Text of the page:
Memorial Day: More Than the First Day of Summer


Memorial Day brings back memories of rich traditions in my mother’s and father’s households, and service in our Armed Forces by multiple generations.

Growing up, my parents would have their three children dress up a little and visit cemeteries in Oklahoma and Lincoln Counties to pay homage to deceased family members. It was a wonderful tradition capped by a picnic lunch at terrific Tilghman Park in Chandler, Oklahoma, complete with fried chicken. It used to be a historic National Guard encampment site.

The American cemetery at Normandy, France. Some 10,000 are buried here.

My mom and her surviving brother are reprising that tradition today, and I’m sorry not to be there with them in person. I’ll be there in spirit.

Memorial Day – it used to be called Decoration Day – came about in 1868. Former Union generals gathered at Arlington Cemetery to honor the Civil War dead. It is now an official federal holiday to honor all those who have died while serving in the Armed Services. It has since been expanded to include remembering all loved ones who have passed on.

My family, probably like yours, is blessed with a wonderful tradition of military service. A great-great Grandfather buried in Chandler served under and “marched to the sea” with Union General William T. Sherman. He was likely the first ancestor in my family to visit Washington, DC, marching in the victory parade after the Civil War under the watchful eyes of President Andrew Johnson and Gen. Sherman. A statue of Sherman just off the south lawn marks the spot where he monitored his troops as they marched past the White House’s south portico.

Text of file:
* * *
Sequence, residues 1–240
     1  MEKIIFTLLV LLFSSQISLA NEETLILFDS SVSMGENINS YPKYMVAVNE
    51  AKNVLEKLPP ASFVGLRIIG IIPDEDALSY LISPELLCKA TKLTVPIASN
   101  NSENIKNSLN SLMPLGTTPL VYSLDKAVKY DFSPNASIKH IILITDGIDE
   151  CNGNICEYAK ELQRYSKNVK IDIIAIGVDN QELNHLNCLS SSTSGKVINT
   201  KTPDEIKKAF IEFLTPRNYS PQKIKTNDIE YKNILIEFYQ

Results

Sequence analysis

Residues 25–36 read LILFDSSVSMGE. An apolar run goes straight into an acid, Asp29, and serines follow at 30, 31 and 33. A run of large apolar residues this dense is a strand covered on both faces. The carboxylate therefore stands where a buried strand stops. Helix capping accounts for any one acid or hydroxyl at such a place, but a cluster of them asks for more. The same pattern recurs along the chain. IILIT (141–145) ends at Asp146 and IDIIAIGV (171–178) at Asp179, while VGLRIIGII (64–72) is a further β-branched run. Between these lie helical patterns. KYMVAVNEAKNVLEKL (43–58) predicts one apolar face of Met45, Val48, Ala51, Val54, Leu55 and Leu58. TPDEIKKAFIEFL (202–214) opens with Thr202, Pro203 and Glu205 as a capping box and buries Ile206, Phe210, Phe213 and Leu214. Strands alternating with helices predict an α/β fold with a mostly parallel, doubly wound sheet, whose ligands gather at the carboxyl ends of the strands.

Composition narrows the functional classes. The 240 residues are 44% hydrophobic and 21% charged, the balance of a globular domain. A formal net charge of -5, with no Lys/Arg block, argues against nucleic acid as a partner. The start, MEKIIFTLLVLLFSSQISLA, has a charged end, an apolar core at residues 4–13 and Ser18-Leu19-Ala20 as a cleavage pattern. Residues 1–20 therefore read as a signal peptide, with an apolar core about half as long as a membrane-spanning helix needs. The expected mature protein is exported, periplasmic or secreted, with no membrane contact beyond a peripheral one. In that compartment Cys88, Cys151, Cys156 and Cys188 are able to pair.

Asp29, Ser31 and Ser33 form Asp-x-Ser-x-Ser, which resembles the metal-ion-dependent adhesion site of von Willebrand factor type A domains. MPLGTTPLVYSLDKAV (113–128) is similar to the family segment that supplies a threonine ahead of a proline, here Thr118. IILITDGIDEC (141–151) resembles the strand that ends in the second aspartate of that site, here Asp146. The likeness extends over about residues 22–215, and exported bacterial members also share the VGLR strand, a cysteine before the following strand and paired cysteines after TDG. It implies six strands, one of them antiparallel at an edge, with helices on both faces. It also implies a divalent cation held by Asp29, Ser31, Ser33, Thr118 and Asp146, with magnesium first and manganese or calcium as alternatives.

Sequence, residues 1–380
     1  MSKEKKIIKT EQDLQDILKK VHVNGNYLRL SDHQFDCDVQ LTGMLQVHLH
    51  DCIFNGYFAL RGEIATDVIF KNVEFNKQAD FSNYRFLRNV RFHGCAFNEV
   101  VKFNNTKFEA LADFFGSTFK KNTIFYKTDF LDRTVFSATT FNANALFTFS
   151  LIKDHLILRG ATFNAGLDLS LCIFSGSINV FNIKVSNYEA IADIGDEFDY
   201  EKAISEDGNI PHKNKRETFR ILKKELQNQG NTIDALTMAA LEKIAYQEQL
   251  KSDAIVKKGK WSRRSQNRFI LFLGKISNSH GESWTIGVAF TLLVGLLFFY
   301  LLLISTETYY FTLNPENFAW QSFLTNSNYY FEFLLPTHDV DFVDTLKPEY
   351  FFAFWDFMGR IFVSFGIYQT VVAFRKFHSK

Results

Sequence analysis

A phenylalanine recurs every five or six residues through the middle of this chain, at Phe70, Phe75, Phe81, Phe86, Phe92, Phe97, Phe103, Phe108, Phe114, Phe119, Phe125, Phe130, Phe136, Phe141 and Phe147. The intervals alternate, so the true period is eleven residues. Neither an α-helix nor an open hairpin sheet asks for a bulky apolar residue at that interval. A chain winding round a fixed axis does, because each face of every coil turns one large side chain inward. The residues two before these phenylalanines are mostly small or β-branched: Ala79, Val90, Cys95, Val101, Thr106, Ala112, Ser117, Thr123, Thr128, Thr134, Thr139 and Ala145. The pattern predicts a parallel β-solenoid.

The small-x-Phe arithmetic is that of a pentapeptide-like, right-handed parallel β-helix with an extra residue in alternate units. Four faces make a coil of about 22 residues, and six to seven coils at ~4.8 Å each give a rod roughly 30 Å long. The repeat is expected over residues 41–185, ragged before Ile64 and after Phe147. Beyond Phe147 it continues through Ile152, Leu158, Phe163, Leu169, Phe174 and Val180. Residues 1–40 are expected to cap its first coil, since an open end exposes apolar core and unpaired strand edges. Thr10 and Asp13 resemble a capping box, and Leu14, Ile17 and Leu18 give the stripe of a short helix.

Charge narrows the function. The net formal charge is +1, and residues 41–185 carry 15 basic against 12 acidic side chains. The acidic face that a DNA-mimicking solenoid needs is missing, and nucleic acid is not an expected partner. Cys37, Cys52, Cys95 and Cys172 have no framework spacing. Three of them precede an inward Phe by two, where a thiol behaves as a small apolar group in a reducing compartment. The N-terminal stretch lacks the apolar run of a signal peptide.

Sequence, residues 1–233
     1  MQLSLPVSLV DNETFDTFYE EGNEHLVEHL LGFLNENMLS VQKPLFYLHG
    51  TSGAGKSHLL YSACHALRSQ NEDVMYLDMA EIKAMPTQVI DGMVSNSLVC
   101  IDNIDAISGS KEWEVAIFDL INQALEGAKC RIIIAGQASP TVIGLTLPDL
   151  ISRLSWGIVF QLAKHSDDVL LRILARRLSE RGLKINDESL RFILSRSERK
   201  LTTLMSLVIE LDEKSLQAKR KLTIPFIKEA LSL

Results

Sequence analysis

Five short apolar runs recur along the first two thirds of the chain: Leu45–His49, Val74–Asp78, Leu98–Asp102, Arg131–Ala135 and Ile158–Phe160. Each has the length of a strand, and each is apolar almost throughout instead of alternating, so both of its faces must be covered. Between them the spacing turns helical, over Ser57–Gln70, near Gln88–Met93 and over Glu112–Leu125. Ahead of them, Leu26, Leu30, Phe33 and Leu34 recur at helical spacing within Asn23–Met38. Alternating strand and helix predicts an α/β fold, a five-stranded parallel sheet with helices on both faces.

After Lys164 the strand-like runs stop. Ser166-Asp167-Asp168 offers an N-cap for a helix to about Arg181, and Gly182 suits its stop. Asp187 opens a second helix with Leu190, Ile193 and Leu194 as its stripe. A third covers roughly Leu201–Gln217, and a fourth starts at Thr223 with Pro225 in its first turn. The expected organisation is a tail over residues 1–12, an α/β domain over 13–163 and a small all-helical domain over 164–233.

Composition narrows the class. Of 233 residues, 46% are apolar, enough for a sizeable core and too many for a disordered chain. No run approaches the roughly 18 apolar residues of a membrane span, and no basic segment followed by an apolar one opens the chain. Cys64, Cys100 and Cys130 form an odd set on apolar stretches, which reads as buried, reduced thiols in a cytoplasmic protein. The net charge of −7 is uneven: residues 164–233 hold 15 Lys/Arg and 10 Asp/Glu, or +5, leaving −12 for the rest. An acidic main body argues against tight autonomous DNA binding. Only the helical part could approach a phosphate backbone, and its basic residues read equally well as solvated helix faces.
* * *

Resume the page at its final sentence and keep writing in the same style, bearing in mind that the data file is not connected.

Monument to Union General William T. Sherman near the White House south lawn

A grandfather and four uncles served during World War II. Two uncles served in Vietnam. My dad served during the Korean War. And my Army infantry son, a First Lieutenant, carries on that tradition with his deployment to Africa. While all my uncles and great uncles survived conflicts, I know many of their colleagues did not. We honor them today. We would not be here – literally – without them.

This year is far from over, but a top memory will be my wife’s and my visit to the American cemetery and the beaches at Normandy in April. My son’s current regiment (29th Infantry Division, 116th Regiment, Virginia National Guard) lost nearly 90 percent of their troops at Omaha Beach on that fateful morning of June 6, 1944. We honor them today and all who gave the ultimate sacrifice.

For some, Memorial Day is the first day of summer. Others honor loved ones who have passed. This day ultimately belongs to those who gave their lives while serving in the Armed Forces. #MemorialDay

Many of the gravesites at Normandy are of unknown soldiers.
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